The decision to reject the offer, reported Saturday, signals that Yahoo's board is digging in for what could be a long battle. The directors have been considering various other scenarios to avoid selling to Microsoft, including outsourcing its search advertising to Google Inc. to boost revenue and provide greater latitude to try to remain independent, say people familiar with the matter.
Their belief that Yahoo is worth more than Microsoft's offer is based on a number of factors, including Yahoo's leading position in the portion of the online ad market known as display advertising, which includes graphical ads such as banners. Yahoo's properties, which range from news to online dating, accounted for 18.8% of all display ads seen by U.S. users in Nov., well above Microsoft's 6.7% and Google's 1.0%, according to comScore Inc. The board will also likely argue that Microsoft's offer doesn't cover the risk to Yahoo's business if the deal is delayed by government antitrust reviews.
Still, the response from the Yahoo board is in many ways typical mergers-and-acquisitions gamesmanship. Without an alternative suitor, Yahoo has limited options.
With Microsoft offering a 62% premium to Yahoo's share price, as it stood before Microsoft made its bid public, Yahoo's board could have a tough time convincing investors the company should go it alone. Some investors have lost confidence in its management in recent years, as it failed to keep pace with Google in search and online advertising and fumbled opportunities in areas such as social networking and online video.
Microsoft representatives over the weekend said they would wait until receiving the expected letter from Yahoo's board before responding.
The question now becomes: how much higher would Microsoft go?
"Their ability to pay is not the gating issue. It's their willingness," said Daniel Hanson, an associate portfolio manager at BlackRock, a Microsoft shareholder and money management firm with $1.3 trillion in assets. "They are going to be disciplined. They are not going to give away the farm."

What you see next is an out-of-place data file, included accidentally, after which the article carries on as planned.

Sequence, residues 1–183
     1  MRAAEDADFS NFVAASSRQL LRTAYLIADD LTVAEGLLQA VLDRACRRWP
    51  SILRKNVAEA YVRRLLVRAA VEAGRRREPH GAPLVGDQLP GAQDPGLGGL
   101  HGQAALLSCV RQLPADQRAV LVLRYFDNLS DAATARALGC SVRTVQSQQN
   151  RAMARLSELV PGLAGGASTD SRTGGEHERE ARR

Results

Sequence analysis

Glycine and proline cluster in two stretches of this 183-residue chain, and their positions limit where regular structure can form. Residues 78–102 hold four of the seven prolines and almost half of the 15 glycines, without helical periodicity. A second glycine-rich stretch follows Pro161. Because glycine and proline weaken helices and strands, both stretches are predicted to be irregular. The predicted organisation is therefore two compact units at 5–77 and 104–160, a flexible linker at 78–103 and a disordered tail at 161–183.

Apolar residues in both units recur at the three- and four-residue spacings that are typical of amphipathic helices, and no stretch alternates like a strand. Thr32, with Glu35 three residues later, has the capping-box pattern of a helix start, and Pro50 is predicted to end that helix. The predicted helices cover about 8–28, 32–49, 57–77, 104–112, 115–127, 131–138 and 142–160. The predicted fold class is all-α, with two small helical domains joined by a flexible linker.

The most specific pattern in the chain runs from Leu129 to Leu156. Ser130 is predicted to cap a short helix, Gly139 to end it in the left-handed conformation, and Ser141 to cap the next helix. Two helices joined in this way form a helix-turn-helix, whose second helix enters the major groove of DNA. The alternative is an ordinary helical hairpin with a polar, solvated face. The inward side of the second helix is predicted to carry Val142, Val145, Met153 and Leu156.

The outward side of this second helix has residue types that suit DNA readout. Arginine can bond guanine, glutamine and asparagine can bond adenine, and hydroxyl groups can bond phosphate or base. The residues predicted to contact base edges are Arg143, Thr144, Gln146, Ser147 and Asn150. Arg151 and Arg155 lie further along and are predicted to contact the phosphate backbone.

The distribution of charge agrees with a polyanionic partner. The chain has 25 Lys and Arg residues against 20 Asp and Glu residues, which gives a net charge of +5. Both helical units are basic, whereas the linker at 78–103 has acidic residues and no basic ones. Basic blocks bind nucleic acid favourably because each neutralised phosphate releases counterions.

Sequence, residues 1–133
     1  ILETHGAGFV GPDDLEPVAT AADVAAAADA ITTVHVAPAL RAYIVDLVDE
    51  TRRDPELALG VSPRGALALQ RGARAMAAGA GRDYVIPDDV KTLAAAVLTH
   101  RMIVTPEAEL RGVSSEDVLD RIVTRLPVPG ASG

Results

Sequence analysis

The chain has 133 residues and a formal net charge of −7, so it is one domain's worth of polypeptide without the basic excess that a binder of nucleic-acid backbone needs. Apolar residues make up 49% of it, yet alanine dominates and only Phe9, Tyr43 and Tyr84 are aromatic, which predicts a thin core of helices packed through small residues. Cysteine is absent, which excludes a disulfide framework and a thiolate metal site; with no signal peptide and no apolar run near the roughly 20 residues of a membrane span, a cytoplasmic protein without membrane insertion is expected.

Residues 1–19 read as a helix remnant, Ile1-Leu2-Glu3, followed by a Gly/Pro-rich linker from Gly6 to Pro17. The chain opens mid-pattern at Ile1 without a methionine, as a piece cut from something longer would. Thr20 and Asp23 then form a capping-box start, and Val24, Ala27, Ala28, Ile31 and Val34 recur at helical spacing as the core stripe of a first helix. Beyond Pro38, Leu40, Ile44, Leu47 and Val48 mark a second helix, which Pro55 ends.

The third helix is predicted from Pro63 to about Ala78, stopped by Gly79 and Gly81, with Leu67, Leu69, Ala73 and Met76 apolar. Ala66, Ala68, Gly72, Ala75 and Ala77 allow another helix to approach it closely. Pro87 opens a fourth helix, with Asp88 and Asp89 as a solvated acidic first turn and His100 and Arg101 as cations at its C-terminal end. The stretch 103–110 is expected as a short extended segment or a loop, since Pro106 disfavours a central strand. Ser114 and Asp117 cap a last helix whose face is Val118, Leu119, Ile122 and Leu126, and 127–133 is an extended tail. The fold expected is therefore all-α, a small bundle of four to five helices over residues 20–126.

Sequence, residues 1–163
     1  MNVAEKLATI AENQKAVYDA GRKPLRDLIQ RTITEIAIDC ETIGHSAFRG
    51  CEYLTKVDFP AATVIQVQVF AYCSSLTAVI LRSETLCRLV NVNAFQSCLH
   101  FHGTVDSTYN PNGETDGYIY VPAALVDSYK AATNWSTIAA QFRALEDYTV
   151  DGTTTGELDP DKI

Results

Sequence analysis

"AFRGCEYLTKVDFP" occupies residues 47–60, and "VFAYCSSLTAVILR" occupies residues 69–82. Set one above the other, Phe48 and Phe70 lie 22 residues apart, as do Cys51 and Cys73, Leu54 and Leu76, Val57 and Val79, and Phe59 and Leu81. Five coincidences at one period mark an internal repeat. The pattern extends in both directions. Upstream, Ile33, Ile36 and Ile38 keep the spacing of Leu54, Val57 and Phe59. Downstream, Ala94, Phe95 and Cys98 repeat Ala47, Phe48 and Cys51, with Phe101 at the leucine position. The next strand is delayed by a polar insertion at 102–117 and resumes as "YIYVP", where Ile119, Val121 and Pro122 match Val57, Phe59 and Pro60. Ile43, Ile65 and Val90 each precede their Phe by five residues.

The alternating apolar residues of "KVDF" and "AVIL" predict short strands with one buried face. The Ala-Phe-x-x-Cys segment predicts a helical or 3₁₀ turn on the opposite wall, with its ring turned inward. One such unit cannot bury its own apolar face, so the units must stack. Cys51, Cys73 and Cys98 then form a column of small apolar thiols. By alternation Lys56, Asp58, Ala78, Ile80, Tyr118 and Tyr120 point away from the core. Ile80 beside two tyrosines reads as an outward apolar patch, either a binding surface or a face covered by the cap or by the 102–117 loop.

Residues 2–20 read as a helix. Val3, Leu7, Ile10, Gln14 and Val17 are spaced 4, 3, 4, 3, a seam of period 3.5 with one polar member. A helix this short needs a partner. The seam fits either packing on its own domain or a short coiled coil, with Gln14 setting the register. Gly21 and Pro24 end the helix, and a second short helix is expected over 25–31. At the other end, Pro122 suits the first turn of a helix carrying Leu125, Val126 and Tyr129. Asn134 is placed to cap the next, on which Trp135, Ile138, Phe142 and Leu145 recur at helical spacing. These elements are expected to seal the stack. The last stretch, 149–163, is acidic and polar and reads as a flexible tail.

Microsoft has $21 billion in cash and the company's chief financial officer Chris Liddell told financial analysts last week that he expects Microsoft to use debt to raise some of the cash needed to finance the deal.
The nature of the deal also gives Microsoft much room to raise the bid. The acquisition would meld Yahoo with a Microsoft division that have many of the same businesses, some of which could be combined to save money or free resources that could be applied elsewhere.
In his letter and a subsequent interview with The Wall Street Journal, Mr. Ballmer discussed the advantages to both companies of merging their ad platforms, which are sets of computers for buying, selling and placing online advertisements. While Microsoft said the deal would produce over $1 billion in cost savings and other benefits annually between the two companies, many analysts estimate that number could be closer to $1.5 billion.
Meeting by telephone Friday, Yahoo directors discussed a range of options, including strategy for negotiating a higher bid from Microsoft in the event they pursue the offer, people familiar with the matter said. They also discussed the option of abandoning Yahoo's own search-advertising system and using ads from Google, in return for a majority share of the revenue, these people said.
Such a deal could increase Yahoo's cash flow and give it more latitude to try to thwart the Microsoft approach. But antitrust experts say even such a pact with Google would likely raise red flags with regulators because of Google's and Yahoo's large shares of the Web-search and search-advertising markets.
Yahoo and its advisers are also reaching out to other potential partners, including Time Warner Inc.'s AOL unit, say people familiar with the matter. A Time Warner spokesman declined to comment.
--Andrew Edwards contributed to this article.